Raum, Weltraum, Innerweltraum (space, “worldspace,” consciousness)—there’s more going on in the German lyrics than English can handle. But English readers are still invited to apprehend his message. As Gass puts it, the Elegies “demand a radical openness to the world…they invite you to think of your consciousness as a resonant, harmonizing lifeform.” They also invite you to reclaim the qualia stored inside your concepts—to consider human experience in its raw, exalted form. If Rilke’s poetry has any relevance to twenty-first century Americans, it’s because we worry, now more than ever, that we are losing unmediated experience. We’re busy, we’re sleepless, we’re medicated, and we’re marooned in the everyday.
The Rilke one encounters in recent translations sounds like a guy who can probably relate. In his introduction Edward Snow’s The Poetry of Rilke (2009), Adam Zagajewski explains that Rilke was on a mission to “become real” (or feel alive, as some might say). His own version of eat-pray-love was rather idiosyncratic: he confused the poverty of Russian peasants for noble asceticism, he cherry-picked apocryphal texts, and he fell for a woman, Lou Salome, who also had a thing with Frederic Nietzsche. His lifelong struggle to make pure art, inspired by Cezanne and the sculptor Rodin, prevented him from finally accepting any stable doctrine. It also prevented him from pursuing romance in real life (as Gass puts it: “women were the Muse, to be courted through the post.”). Because this is poetry, not biography (that section’s closer to the entrance), we don’t need to analyze Rilke in order to appreciate his art. But we do need to decide how to read the Elegies, as Zagajewski remind us: “Should we try to understand them thoroughly, or rush through them like children who run through the forest at night, half terrified, half elated?” Disenchanted adults that we are, the latter sounds rather tempting, though Zagajewski claims that Rilke is not a poet of innocence: “only silence is innocent,” he writes, “and he still speaks to us.”
Rilke: New Poems, a collection of youthful verse translated by Joseph Cadora, marks the latest contribution to Rilke studies in English. Originally published in 1907 and 1908 in two volumes, these two hundred poems represent a period of intense creativity, including Rilke’s first attempts to broach the theme of heavenly beings. Cadora’s translation of “The Angel” stresses their predatory nature:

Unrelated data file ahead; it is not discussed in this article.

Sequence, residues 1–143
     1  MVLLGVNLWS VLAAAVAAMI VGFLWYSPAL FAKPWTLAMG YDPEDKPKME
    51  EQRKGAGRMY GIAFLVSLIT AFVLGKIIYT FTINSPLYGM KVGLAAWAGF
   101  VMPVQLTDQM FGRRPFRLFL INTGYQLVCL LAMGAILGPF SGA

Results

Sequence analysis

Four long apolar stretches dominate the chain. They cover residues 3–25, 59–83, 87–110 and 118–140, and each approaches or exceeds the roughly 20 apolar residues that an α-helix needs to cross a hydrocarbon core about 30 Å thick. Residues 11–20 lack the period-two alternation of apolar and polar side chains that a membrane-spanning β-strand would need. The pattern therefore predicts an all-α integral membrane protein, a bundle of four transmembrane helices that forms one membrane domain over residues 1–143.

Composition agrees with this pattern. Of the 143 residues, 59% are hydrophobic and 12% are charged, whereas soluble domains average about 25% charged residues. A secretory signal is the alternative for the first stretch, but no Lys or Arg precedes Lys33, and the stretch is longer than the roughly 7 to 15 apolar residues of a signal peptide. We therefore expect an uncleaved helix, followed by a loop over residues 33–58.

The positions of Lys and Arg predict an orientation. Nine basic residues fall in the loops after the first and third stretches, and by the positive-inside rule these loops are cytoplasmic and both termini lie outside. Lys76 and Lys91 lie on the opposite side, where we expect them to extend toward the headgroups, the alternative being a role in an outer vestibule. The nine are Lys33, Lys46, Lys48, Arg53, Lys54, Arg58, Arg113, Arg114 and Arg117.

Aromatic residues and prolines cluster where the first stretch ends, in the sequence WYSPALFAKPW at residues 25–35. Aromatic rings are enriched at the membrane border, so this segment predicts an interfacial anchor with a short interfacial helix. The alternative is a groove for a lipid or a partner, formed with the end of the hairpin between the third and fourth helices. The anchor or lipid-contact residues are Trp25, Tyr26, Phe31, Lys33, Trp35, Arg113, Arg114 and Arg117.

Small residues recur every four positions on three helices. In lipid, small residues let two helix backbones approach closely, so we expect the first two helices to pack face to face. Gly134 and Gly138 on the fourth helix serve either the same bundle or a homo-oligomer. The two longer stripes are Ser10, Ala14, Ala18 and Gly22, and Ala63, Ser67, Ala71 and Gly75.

Do not burden his buoyant hands, for perhaps
those very hands might materialize
to painfully examine you by night,
to go raging through the household,
clutching as if they created you, and might
in this manner break you out of your mold.
This is a fascinating departure from Stephen Mitchell’s translation, according to which, on that fateful night, the threatening seraph’s “light” hands
would come more fiercely to interrogate you,
and rush to seize you blazing like a star,
and bend you as if trying to create you,
and break you open, out of who you are.
To be broken out of who we are: is this what we’re hoping for? Is this why we turn to poetry? Robert Hass, who wrote the introduction to Mitchell’s, and now Cadora’s, book, claims that the Elegies are “an argument against our lived, ordinary lives.” They were written, after all, during a time when ordinary life was becoming increasingly corporatized; the composition itself was delayed by petty bourgeois concerns. As Hass tells it, one morning in late January of 1922, Rilke received a troubling business letter. He took a stroll around the castle of his wealthy friend and patron, wondering how to respond. At some point, he was inspired to write the poems that would define his career. First, he answered the business letter, and then he dealt with his cosmic vision. This is “Modernism.”
Modernist poets understood that the average person’s consciousness is narrowed, perverted, corrupted, and wasted by the burden of daily life. “Difficult” poetry was meant to reveal the reality hidden within this matrix. In contrast to the Romantic myth of the poet as constant nightingale, T.S. Eliot thought of himself as a part-time mystic. Here he is on the relationship between poetic and religious experience:
To me it seems that at these moments, which are characterized by the sudden lifting of the burden of anxiety and fear which presses upon our daily life so steadily that we are unaware of it, what happens is something negative: not ‘inspiration’ as we commonly think of it, but the breaking down of strong habitual barriers—which tend to reform very quickly.